honey(redirected from Finland honey)
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See U.S. Dept. of Agriculture, Science and Education Administration, Beekeeping in the United States (rev. ed. 1980).
a sweet syrupy substance elaborated for food by worker bees, primarily from the nectar of flowers; a valuable human food product.
According to the natural source, a distinction is made between floral honey (from nectar) and honeydew honey (from sweet secretions on the leaves and stems of plants). The floral honeys include those obtained from linden, buckwheat, clover, sun-flower, willow herb, and other plants. The chemical composition of honey depends on the species of plant from which it is derived, climatic conditions, and the method of commercial processing. Floral honey is 13-20 percent water, over 80 percent carbohydrates (principally glucose and fructose; also sucrose, maltose, and others), 0.4 percent proteins, and 0.3 percent ash. Honey contains organic acids (malic, citric, gluconic), enzymes (amylase, catalase, invertase), aromatic and mineral substances (K, Na, Ca), small amounts of vitamins (B2, PP, C, B6, H, K, and E), alkaloids, and pigments.
Nectar that is freshly deposited in the cells of a honeycomb has a fluid consistency. As the water is evaporated, the nectar ripens, thickens, and becomes viscous. The enzyme invertase converts the sucrose in the nectar into glucose and fructose. After the honey ripens, the bees seal up the honeycombs with wax caps. The honey extracted from the honeycombs gradually crystallizes upon storage. First the surface crystallizes, and then the crystals gradually form toward the bottom. There are white (from willow herb), yellow (from white acacia, sainfoin, linden, sunflower), and dark brown (from buckwheat, heather) honeys. Most honeys are sweet, but some are stringent; the aroma and taste depend on the honey’s origin. The aggregate of flavor and aroma is called the bouquet of the honey. The viscosity of honey varies: acacia honey is fluid, and honeydew honey is sticky. Honeydew honey (and floral honey mixed with a considerable amount of honeydew) is harmful to bees.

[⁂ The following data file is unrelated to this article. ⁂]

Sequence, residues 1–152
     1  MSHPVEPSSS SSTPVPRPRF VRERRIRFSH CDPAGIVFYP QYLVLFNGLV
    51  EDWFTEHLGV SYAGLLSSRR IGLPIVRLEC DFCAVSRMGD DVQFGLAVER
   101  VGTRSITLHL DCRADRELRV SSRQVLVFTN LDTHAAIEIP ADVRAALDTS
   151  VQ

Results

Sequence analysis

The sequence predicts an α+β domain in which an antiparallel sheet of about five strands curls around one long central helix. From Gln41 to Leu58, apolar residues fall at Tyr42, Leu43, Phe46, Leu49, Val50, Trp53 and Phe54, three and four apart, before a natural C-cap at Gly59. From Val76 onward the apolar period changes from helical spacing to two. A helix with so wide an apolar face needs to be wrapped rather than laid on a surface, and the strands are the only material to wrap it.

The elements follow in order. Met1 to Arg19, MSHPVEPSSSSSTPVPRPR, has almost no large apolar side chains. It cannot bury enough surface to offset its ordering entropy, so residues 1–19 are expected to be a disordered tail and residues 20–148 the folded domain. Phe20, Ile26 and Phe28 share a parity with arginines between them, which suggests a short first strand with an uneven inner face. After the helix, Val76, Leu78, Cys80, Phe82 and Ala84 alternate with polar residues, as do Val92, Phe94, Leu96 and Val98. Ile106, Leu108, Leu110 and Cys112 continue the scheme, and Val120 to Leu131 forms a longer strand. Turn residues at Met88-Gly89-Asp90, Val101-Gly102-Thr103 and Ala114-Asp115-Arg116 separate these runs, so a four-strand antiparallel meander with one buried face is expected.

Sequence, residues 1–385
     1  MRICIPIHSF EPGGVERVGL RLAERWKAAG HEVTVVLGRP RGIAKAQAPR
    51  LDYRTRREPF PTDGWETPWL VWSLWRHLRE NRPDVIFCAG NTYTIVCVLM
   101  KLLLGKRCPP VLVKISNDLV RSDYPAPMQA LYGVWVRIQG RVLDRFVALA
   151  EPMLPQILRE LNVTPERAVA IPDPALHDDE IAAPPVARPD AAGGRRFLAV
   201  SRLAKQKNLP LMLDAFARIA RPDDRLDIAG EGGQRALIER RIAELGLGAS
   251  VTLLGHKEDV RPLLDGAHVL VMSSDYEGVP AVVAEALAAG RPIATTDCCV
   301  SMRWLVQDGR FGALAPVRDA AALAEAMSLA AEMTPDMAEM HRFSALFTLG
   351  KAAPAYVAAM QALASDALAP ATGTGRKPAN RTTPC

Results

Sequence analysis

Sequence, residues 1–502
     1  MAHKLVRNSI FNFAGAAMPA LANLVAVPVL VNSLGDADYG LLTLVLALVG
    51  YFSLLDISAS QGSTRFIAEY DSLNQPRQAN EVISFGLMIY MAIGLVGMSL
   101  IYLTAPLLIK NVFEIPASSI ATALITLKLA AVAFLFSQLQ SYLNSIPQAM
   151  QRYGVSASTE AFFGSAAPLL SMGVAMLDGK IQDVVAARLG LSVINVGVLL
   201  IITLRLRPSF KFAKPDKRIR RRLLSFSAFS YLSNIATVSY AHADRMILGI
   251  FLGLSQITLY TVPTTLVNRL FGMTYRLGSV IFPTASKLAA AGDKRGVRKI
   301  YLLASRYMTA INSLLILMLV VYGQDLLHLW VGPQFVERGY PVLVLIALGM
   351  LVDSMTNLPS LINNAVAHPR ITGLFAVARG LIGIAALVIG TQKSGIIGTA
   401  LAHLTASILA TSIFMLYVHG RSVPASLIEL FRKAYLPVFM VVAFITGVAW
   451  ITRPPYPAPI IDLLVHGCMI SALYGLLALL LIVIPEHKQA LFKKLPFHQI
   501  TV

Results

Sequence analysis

Commercial honey is obtained from the combs by centrifugation in an extractor and sometimes by pressing. Honey is rarely sold in the honeycomb. Sometimes different varieties of honey are mixed to normalize the thickness and to obtain the desired aroma, color, and flavor. Barrels made of linden, beech, plane, willow, cedar, and alder serve as containers for honey. Honey turns dark from oak barrels and acquires a tarry odor from barrels of coniferous varieties. Honey is stored on premises that are free of other odors. Honey is valuable as a dietary and therapeutic agent (for example, to treat emaciation). It is also used in the food industry.
REFERENCESKablukov, I. A. O mede, voske, pchelinom klee i ikh podmesiakh, 2nd ed. Moscow, 1941.
Temnov, V. A. Tekhnologiia produktov pchelovodstva. Moscow, 1967.
Mladenov, S. Med i medolechenie. Sofia, 1969. (Translated from Bulgarian.)
What does it mean when you dream about honey?
The sweet taste of honey is like the sweet taste of success. As a symbol, honey also means too much sweetness (“dripping like honey”). A dreamer who experiences this symbol might need to be less vulnerable and more honest in communicating with others.